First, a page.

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Japan to Label Goods with Footprint

Carbon's the New Calorie: Japan to Label Goods with Footprint

Japan has plans to label consumer goods like beer and detergents with their carbon footprints. Officials think the standardized label will raise corporate and consumer awareness of global warming. Britain and France already place similar labels on products.

So say you want to eat a bag of potato chips. Forget the calories — you have a carbon footprint to think about. Each bag emits 75 grams (2.63 ounces) of carbon dioxide. If you want to break it down, like you'd break down saturated and trans fats, 44 percent of the carbon dioxide comes from growing the potatoes, 30 percent comes from producing the chips, 15 percent comes from packaging, 9 percent comes from delivery, and 2 percent comes from tossing the bag. I'm guessing these figures are estimates, since each product must have a unique footprint.

While certainly more work needs to be done to make the footprint calculations accurate and globally standard, the label will provide information to consumers who want it, while everyone else can ignore it. And who knows, maybe businesses will become more efficient in hopes of attracting customers.

Join The Conversation
stephley stephley 9 years
Because if you don't invite them to your birthday party, how can you do the "I'm-all-low-carbon-footprint" superiority dance in front of them?
True-Song True-Song 9 years
I'm in favor of anything that gets more information to the consumer. I wonder, does anyone have a problem if I buy healthier foods and feel proud of myself for eating better than the person with a cart full of junk food? Why does doing something better mean you're an elitist. I'd buy low-carbon-footprint food, but it's not like I won't invite people don't to my birthday party.
stephley stephley 9 years
Pop, isn't there a cornstarch base they can make the labels from that can melt away? Maybe leave a rainbow? :)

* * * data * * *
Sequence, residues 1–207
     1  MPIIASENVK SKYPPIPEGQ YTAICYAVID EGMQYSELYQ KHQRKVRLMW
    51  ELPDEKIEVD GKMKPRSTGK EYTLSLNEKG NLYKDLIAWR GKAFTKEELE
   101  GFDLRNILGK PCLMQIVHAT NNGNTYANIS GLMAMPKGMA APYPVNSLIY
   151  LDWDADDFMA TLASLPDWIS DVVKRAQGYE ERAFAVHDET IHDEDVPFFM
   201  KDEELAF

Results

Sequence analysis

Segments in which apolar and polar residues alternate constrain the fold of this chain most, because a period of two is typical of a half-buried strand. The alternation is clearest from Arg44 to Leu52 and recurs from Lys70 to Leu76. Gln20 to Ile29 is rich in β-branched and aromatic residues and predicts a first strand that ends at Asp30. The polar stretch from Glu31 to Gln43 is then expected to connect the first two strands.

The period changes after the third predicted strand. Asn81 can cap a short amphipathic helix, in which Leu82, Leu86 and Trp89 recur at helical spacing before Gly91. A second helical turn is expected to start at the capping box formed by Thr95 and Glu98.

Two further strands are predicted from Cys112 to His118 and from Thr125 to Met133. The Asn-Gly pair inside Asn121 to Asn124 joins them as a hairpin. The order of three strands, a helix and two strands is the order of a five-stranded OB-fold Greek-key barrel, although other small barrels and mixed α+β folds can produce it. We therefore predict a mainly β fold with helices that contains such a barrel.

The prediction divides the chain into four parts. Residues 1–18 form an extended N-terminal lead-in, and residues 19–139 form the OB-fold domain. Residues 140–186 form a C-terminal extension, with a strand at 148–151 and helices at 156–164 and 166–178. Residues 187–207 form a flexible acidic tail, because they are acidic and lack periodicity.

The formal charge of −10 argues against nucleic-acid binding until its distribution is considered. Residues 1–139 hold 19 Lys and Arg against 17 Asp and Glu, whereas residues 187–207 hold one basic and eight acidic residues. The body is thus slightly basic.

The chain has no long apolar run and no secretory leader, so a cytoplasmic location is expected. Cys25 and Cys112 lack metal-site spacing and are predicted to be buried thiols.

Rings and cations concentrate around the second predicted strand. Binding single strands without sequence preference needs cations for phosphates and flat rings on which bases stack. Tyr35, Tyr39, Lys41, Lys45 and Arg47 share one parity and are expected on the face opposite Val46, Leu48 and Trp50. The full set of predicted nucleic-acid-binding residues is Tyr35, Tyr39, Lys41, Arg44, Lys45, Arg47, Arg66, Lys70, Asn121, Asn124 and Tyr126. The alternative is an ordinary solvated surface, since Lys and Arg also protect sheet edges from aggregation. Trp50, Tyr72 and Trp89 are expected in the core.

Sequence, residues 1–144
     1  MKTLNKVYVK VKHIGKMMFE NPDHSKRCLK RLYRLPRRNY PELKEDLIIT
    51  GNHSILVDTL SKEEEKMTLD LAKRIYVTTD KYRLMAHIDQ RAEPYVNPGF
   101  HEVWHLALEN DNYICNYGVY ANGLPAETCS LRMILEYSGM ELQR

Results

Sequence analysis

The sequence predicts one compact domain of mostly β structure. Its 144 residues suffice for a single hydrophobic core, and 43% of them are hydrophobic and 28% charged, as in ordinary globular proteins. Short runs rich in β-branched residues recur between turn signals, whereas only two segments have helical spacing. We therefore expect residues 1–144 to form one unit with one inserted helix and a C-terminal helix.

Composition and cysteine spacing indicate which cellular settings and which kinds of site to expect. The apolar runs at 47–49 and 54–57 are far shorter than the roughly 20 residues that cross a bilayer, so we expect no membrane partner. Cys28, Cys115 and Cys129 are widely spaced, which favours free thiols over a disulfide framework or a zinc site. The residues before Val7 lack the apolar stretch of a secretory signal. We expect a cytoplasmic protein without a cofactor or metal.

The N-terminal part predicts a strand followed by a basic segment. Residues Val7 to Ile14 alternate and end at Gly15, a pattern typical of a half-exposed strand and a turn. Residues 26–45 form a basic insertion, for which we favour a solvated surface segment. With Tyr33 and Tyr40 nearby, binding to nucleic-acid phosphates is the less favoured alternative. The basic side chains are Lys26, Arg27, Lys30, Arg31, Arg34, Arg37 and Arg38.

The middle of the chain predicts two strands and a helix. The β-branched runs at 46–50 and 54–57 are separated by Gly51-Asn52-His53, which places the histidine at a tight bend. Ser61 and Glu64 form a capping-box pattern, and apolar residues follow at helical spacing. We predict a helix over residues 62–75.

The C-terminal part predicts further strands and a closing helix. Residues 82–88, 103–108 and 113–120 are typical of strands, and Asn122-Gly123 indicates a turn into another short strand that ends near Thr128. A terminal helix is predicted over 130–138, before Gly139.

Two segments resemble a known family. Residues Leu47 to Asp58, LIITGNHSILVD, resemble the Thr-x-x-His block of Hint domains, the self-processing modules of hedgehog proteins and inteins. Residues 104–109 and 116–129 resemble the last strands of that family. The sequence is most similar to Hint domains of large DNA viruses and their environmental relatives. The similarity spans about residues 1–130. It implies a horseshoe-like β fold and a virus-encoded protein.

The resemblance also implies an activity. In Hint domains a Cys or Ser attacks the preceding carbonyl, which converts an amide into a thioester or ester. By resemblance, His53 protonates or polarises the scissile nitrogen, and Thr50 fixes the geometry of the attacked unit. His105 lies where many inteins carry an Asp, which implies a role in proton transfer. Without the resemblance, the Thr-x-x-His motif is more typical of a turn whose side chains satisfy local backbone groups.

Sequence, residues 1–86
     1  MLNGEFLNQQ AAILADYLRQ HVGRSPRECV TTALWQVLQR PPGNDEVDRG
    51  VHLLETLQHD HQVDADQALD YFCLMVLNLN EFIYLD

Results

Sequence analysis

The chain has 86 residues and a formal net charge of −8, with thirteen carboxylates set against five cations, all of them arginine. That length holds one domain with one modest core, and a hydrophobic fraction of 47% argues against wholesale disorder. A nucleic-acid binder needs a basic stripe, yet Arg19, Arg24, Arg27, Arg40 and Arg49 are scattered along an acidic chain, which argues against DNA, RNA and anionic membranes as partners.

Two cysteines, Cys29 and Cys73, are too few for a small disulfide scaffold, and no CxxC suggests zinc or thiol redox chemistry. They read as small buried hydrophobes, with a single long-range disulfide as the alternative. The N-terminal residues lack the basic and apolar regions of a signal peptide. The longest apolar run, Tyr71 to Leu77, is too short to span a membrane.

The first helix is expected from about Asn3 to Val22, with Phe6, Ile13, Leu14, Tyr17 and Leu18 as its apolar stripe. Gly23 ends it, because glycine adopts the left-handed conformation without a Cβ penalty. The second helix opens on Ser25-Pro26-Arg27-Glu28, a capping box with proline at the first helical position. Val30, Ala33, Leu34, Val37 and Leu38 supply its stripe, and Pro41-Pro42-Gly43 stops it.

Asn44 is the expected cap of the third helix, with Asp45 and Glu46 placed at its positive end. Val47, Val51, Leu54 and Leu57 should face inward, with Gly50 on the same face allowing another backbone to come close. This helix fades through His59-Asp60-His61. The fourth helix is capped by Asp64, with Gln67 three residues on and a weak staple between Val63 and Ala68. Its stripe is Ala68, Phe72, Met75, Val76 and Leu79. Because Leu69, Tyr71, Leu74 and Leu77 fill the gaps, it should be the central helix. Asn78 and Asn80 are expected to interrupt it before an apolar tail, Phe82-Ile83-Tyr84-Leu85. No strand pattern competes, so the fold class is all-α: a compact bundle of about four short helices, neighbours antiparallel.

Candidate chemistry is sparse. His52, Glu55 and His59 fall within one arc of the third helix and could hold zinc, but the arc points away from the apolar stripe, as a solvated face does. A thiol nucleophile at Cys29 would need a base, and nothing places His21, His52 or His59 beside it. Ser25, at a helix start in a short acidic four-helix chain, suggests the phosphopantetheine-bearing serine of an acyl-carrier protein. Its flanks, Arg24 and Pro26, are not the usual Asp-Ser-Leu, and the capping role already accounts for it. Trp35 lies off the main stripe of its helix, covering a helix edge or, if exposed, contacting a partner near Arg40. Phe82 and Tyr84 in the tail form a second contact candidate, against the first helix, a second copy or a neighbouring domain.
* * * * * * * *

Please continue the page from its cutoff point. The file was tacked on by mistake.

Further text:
popgoestheworld popgoestheworld 9 years
Of course, dare I say that these labels themselves would obviously increase the footprint?
ilanac13 ilanac13 9 years
i kind of like this idea - people don't realize how much of a footprint they are leaving on the planet which impacts the environment, but if there's a means now to track what you're doing a bit - just by seeing the impact of a few products then it'll raise your social consciousness.
stephley stephley 9 years
Either way, you're being ridiculously judgmental and should consider getting a life.
Michelann Michelann 9 years
Janneth, your definition is wrong. Superiority, yes. Entitlement, no. Elitism is the belief that you are socially superior. So, when a person buys a product with a smaller carbon footprint and congratulates themselves for being more socially advanced than his neighbor buying a different product, that is elitism. If you're doing it because you genuinely care about the environment and think it will help, I wouldn't call it that.
janneth janneth 9 years
Isn't it more elitist to knowingly purchase a product that is using up the earth's resources inefficiently? elitism = sense of entitlement, superiority
popgoestheworld popgoestheworld 9 years
UnDave there are already green snobs running amok. :) Sure it will be another way for them to be snobby, but I don't think that in and of itself makes this bad. Honestly, if this sort of information is important to people I think it's great that it will be available! I would personally enjoy it from a learning perspective. I think I would find it fascinating that certain products were significantly higher than others etc.
UnDave35 UnDave35 9 years
There are groups who will look down on other people because they purchase certain items even though they come from a little further away. This is just another way to be elitist.
silversnowflake silversnowflake 9 years
There are groups of people who will question their actions before they purchase certain items. I think its a good thing Great Sommelier.
stephley stephley 9 years
If they can come up with a standard that's accurate, I have no problem with this. It's a good way to understand how far some products have to travel to get to our grocery carts.
Great-Sommelier Great-Sommelier 9 years
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